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The Bhagavadgita in the Mahabharataby J. A. Van Buitenen
Synopses & Reviews
No other Sanskrit work approaches the Bhagavadgita in the influence it has exerted in the West. Philosophers such as Emerson and the other New England Transcendentalists were deeply affected by its insights, a dozen or more scholars, including Annie Besant and Mahatma Gandhi, have attempted its translation, and thousands of individuals struggling with the problems divided loyalties have found comfort and wisdom in its pages.
The Bhagavadgita ("Song of the Lord") tells of the young and virtuous Prince Arjuna who is driven to lead his forces into battle against an opposing army composed of close relatives and others whom he loves. The Lord Krsna, appearing in the poem as Arjuna's friend and charioteer, persuades him that he must do battle, and we see Arjuna changing from revulsion at the thought of killing members of his family to resignation and awareness of duty, to manly acceptance of his role as warrior and defender of his kingdom.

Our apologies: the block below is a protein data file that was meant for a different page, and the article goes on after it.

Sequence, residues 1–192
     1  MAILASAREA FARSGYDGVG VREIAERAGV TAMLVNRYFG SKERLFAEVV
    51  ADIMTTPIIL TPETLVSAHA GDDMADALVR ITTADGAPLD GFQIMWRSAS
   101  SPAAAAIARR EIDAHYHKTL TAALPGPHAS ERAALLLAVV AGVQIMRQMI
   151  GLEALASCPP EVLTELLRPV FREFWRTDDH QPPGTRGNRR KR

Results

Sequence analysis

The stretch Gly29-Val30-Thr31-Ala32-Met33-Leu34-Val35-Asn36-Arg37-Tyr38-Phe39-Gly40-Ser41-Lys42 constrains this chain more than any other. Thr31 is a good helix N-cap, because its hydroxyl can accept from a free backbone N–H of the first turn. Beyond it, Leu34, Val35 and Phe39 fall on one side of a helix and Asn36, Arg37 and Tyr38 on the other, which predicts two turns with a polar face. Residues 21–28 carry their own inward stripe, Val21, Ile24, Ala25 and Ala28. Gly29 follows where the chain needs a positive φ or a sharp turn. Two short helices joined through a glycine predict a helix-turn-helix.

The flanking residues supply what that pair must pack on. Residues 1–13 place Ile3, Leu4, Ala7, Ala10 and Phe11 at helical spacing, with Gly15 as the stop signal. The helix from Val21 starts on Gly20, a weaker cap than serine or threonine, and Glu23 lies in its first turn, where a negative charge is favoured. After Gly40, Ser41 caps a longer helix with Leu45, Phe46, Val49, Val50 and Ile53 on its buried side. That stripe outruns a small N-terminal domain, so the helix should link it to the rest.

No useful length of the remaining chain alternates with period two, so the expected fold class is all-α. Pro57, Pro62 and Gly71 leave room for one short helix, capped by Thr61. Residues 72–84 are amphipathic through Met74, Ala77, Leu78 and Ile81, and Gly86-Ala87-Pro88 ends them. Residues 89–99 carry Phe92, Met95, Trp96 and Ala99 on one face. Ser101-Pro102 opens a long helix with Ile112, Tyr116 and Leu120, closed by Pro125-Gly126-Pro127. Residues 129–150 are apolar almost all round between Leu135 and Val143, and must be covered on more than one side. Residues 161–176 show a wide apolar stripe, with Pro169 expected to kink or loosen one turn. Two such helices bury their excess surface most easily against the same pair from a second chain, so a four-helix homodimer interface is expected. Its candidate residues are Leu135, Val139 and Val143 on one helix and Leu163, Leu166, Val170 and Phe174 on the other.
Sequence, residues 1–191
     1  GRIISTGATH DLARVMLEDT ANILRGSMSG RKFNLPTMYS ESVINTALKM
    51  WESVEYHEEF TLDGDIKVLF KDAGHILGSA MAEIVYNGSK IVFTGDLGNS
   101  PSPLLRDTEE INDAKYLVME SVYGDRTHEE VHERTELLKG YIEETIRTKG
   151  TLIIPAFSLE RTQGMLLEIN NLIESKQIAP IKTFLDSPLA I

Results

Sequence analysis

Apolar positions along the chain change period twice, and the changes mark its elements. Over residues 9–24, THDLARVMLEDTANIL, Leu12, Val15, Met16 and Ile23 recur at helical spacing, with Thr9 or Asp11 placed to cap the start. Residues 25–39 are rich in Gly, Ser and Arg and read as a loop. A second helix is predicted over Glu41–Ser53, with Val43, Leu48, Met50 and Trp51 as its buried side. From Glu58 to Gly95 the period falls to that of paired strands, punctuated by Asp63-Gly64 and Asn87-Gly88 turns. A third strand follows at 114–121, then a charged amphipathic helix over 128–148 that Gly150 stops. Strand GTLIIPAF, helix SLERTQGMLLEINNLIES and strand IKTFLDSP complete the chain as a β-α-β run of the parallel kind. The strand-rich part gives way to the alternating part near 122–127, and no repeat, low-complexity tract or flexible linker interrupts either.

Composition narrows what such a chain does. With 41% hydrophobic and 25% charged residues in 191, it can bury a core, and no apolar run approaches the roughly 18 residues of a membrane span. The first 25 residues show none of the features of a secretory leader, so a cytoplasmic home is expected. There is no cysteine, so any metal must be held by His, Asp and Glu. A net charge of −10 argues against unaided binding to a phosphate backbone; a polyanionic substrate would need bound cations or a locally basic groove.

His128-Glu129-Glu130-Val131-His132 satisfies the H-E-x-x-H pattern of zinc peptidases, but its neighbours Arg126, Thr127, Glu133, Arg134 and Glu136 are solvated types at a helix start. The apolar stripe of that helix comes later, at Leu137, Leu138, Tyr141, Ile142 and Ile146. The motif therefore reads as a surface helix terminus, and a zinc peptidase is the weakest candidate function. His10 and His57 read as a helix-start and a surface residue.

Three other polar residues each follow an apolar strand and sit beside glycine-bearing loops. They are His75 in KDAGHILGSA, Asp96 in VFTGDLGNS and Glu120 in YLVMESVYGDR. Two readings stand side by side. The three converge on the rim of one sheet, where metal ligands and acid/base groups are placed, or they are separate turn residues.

The Bhagavadgita is a self-contained episode in the Mahabharata, a vast collection of epics, legends, romances, theology, and metaphysical doctrine that reflects the history and culture of the whole of Hindu civilization. The present edition forms a part of J. A. B. van Buitenen's widely acclaimed translation of this great work. Here English and Sanskrit are printed on facing pages, enabling those with some knowledge of Sanskrit to appreciate van Buitenen's accurate rendering of the intimate, familial tone and directness of the original poem.
This book tells of the young and virtuous Prince Arjuna who is driven to lead his forces into battle against an opposing army composed of close relatives and others whom he loves.
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